Be Righteous; Be Baptized

Be Righteous; Be Baptized

Lesson 8
Be Righteous, 1 Peter 3:8-17

If you should suffer for righteousness sake, you will be blessed.

Here are four questions to help us work through this text that calls us to be righteous. “For the eyes of the Lord are on the righteous…if you suffer for righteousness sake, you will be blessed.”

How is “be righteous” different from “be holy”?

A previous passage called Christians to holiness. (1:13-21). This text emphasizes righteousness. Those two words overlap in meaning and practice. There is a difference in nuance. Holiness is to be set aside, or dedicated, to God’s purposes. Righteousness is to conform to God’s standards. Technically, holiness is a character that results in righteous behavior while righteousness is specific to behavior itself. So, Peter gets down to specifics.

The righteous practice unity, sympathy, brotherly love, and humility (vs. 8). The righteous response to reviling is to bless. (vs. 9). The righteous choose good over evil in word and deed, and pursue peace rather than enmity. (10-12). They speak up for Jesus and maintain a good conscience. (vs. 15-16).

When is a Christian excused from righteous behavior?

If doing the right thing causes embarrassment, costs us our job, results in being ridiculed or bullied, or brings actual suffering and harm (vs. 14), “it is better to suffer for doing good than for doing evil.” (vs. 17). Righteousness honors Christ, while fearing no evil. Even in the face of mistreatment, it acts with gentleness and respect. (vs. 15).

How is right living connected to enjoying life?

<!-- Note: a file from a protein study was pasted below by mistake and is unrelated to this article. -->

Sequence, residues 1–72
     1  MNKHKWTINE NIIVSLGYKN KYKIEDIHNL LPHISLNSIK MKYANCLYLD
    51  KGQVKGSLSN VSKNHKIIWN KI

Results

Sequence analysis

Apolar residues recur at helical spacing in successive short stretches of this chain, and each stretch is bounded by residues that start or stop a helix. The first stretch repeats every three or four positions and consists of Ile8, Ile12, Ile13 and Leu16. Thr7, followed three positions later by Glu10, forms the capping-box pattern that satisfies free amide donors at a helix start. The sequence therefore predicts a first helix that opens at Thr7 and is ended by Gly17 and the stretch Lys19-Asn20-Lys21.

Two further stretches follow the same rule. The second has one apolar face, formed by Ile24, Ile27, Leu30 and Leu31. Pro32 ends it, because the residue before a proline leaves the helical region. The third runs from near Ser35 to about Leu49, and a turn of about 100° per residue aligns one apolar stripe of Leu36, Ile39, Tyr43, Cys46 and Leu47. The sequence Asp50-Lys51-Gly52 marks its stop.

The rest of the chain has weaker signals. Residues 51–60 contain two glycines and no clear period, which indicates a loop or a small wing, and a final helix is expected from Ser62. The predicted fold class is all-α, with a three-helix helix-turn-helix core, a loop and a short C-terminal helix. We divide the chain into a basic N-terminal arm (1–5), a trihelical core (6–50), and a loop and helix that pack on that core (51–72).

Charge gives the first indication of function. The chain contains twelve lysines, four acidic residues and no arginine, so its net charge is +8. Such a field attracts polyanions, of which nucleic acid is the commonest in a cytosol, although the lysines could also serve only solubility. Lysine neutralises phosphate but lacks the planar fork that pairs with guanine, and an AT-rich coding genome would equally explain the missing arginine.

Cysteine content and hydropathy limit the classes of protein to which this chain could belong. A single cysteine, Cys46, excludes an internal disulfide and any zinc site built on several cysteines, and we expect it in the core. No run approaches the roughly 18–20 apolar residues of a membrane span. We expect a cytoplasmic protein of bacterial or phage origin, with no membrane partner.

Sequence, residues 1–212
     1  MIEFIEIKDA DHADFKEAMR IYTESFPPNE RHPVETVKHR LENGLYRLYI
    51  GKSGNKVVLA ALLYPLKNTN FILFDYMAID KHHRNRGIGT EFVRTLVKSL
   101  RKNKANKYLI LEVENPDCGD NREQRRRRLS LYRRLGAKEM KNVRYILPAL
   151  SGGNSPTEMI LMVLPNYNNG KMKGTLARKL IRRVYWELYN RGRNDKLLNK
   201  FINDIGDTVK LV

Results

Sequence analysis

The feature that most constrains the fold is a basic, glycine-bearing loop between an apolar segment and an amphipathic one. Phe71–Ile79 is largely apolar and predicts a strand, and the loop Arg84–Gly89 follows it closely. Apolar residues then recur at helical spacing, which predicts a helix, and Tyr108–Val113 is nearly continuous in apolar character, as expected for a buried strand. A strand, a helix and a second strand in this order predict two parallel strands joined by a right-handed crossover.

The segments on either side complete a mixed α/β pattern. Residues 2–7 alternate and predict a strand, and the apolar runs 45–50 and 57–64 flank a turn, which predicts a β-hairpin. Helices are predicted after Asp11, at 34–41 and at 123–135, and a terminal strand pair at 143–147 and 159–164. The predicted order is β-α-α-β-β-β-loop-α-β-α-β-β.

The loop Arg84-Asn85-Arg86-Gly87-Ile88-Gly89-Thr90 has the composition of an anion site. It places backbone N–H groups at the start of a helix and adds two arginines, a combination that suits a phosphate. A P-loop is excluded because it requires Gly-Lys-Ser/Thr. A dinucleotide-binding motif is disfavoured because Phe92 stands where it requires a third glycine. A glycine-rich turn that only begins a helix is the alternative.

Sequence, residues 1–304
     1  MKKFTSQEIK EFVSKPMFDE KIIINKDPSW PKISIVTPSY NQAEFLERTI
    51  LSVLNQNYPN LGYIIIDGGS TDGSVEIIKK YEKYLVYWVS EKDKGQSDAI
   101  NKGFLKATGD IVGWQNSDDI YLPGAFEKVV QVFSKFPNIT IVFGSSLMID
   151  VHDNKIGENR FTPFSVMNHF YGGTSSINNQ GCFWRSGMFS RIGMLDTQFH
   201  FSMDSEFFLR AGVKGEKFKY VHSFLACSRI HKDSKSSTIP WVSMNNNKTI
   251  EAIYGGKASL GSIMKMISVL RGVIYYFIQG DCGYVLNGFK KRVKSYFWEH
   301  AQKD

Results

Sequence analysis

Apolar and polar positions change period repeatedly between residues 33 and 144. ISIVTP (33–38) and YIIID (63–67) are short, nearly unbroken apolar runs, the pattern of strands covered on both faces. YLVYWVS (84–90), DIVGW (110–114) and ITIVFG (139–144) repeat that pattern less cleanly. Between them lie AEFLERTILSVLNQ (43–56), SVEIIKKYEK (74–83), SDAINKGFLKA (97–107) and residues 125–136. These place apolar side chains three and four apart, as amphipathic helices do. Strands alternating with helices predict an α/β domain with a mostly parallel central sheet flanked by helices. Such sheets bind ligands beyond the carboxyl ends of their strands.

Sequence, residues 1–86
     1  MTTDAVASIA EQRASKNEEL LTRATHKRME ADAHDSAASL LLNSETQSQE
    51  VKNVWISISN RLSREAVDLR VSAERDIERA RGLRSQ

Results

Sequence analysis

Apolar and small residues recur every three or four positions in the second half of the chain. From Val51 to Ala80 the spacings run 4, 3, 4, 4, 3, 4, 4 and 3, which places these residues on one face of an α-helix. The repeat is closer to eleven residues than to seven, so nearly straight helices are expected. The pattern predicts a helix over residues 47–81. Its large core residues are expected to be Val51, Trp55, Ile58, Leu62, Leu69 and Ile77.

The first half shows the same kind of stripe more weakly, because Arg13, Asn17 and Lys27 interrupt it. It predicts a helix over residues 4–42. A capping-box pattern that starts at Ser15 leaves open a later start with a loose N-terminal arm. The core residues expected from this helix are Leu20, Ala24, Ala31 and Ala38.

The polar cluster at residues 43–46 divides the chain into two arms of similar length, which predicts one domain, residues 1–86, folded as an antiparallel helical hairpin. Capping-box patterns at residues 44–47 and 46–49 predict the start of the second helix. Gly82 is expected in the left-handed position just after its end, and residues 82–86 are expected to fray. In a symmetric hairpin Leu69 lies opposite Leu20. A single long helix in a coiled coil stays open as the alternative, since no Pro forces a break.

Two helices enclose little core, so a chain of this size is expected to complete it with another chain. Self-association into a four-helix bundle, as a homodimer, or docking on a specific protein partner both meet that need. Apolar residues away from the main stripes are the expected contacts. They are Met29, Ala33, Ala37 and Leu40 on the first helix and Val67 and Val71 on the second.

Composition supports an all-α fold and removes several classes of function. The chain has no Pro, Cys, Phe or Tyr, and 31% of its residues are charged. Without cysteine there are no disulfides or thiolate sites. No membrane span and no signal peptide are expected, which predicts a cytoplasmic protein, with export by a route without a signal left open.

The righteous are sometimes persecuted, but that is not the usual circumstance. In most contexts, right living results in a long life of good days (vs. 16). Peter quotes Psalm 34:12-16 which describes the blessed life of a righteous person. God created the world and us, then gave us standards as to how to live our best life in the world. When we live according to righteous standards, a blessed life results.

Yes, in a fallen world, there is suffering. As Peter reasons, if then you suffer, let it be for doing good, not for being evil.

What will happen when we practice righteousness?

“For to this (righteousness) you were called, that you might obtain a blessing (vs. 9)…But even if you suffer for righteousness sake, you will be blessed.” (vs. 14).

If you practice righteousness, you will tend tolive a long life of good days (vs. 10), though it is possible to experience seasons of rejection and persecution.

If you practice righteousness, you may draw someone to Christ and have the opportunity to share your reason for hope. (vs. 15).

If you practice righteousness, you definitely will receive a blessing (vs. 14).

For enlightenment and discussion:

How does making choices for good rather than evil actually add years to our life?

What does it mean to “see good days”?

Is it your expectation to be appreciated or to be persecuted for your good behavior?

How does our good behavior result in shame on those who slander our choices?

How can we be prepared to offer a defense to people to ask about our reason for hope?

Lesson 8